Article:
Understanding these triggers is essential so that steps can be taken prior to the closing to avoid unintended consequences. It is not uncommon for third parties to hold a transaction "hostage" if parties wait too long to obtain consent. Your advisors can help you navigate this issue and negotiate solutions.
Be creative with transaction structure. Transactions can be structured in a multitude of ways, whether it is a stock purchase, asset purchase, merger, joint venture, etc.
One feature that is used with some regularity is to allow the target's owners the right to rollover a portion of its ownership in the target to the new company. This technique is more common when the target's owners will remain active in the business, but it can help flesh out the owners' perspective on the business and its likelihood for future success.
Be mindful of culture shock. Culture is paramount in a family businesses; it is a key component of sustainable success.
There are four basic approaches to establishing culture following a transaction: (1) assimilation — where the target adopts the buyer's culture; (2) correlation — where two cultures are maintained without overlap; (3) integration — where both sides share the best of both cultures but otherwise remain independent; and (4) creation — where an entirely new culture is created.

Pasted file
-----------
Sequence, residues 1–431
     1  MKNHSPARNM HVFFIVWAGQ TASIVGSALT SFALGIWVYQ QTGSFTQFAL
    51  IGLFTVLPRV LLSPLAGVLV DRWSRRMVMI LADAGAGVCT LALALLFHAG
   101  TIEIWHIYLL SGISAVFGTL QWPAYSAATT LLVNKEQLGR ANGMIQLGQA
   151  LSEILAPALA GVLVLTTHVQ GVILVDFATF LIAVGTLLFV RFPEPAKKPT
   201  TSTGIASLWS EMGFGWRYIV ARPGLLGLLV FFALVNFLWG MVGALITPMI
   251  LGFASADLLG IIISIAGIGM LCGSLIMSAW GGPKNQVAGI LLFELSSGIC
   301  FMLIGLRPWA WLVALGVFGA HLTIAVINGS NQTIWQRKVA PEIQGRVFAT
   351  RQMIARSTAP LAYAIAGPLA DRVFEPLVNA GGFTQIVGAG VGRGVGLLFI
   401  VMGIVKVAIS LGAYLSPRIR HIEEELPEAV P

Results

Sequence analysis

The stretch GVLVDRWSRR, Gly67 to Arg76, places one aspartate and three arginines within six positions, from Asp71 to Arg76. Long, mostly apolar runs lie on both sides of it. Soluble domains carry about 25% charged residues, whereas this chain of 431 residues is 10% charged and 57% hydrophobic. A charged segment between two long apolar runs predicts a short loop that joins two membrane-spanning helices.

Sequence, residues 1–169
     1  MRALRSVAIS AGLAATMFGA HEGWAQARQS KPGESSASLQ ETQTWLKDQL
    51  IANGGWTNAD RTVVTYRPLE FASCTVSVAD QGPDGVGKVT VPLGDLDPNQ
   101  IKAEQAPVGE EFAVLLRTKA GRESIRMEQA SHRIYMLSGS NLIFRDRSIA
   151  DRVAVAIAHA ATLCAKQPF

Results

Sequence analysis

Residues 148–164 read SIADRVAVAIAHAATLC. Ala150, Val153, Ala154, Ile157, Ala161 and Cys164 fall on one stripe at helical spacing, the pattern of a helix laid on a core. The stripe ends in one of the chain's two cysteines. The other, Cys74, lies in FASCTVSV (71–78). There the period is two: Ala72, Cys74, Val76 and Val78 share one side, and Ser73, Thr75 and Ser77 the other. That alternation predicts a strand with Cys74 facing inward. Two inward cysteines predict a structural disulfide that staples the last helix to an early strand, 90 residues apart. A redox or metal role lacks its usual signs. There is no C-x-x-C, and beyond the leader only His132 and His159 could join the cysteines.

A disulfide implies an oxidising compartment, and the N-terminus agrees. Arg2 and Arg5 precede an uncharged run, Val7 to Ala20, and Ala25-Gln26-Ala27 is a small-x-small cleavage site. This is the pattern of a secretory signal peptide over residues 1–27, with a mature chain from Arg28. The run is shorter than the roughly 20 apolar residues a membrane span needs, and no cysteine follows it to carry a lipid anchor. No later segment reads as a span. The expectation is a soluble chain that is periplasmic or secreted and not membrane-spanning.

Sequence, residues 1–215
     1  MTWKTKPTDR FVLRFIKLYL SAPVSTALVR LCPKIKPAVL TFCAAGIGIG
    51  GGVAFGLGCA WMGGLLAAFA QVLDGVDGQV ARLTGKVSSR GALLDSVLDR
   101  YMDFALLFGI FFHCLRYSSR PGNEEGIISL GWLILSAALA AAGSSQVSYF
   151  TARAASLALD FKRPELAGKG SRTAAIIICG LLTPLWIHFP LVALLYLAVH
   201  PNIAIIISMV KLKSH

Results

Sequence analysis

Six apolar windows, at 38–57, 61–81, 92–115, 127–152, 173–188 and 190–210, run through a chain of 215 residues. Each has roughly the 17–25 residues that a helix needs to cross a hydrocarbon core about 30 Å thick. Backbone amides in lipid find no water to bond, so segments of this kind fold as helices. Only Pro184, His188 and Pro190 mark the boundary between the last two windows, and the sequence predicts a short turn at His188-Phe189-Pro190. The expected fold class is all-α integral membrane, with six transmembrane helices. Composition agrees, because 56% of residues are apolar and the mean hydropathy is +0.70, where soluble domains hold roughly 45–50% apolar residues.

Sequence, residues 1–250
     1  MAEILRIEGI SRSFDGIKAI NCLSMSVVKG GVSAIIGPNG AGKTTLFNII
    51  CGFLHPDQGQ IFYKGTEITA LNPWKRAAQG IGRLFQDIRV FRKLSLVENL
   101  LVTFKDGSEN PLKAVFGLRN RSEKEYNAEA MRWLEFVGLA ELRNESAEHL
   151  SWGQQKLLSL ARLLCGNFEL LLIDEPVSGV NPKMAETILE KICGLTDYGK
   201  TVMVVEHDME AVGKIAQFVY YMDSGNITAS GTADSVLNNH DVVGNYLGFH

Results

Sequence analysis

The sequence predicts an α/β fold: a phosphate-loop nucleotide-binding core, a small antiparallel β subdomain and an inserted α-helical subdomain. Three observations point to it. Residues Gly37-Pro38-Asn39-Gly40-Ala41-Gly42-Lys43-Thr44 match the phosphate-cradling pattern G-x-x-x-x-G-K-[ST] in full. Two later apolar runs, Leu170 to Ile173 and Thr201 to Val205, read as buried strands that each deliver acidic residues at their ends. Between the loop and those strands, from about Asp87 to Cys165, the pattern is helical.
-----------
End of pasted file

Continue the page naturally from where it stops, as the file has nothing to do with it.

Your ability to implement your selected approach is as important to the future success of the business as the strength of the target's P&L or revenue prospects. Consider carefully whether the target's culture will be complementary or disruptive. Training and regular communication regarding your family business culture will help new employees assimilate faster during the early stages of "life after acquisition."
Have a communication plan. When you make it to closing, do consider how you want to announce the transaction both internally and externally.
Often it is beneficial to work with the target to jointly give the message. If no message is given, the parties run a greater risk of not being able to control the dialogue, because when a transaction occurs, people will talk and rumors may spread.
What will you say to family members, employees, customers? Think about the questions they will likely have and be prepared to communicate your answers when the transaction closes.
Be willing to say no. Many owners selling their business do not want their employees to know about a potential transaction until the closing, which makes it difficult to evaluate a target. At some point, however, you must evaluate how your team will mesh with the target's team. Identify non-negotiables and be comfortable saying no to the deal if cultural integration just won't work, even if the numbers look great.
There are many targets in the current market and growth through acquisition can be an effective strategy. If the time is right for you, start the discussion with your advisors.
Varnum attorney Scott Hill focuses his practice on general corporate law, succession planning, and mergers and acquisitions for family and privately held businesses.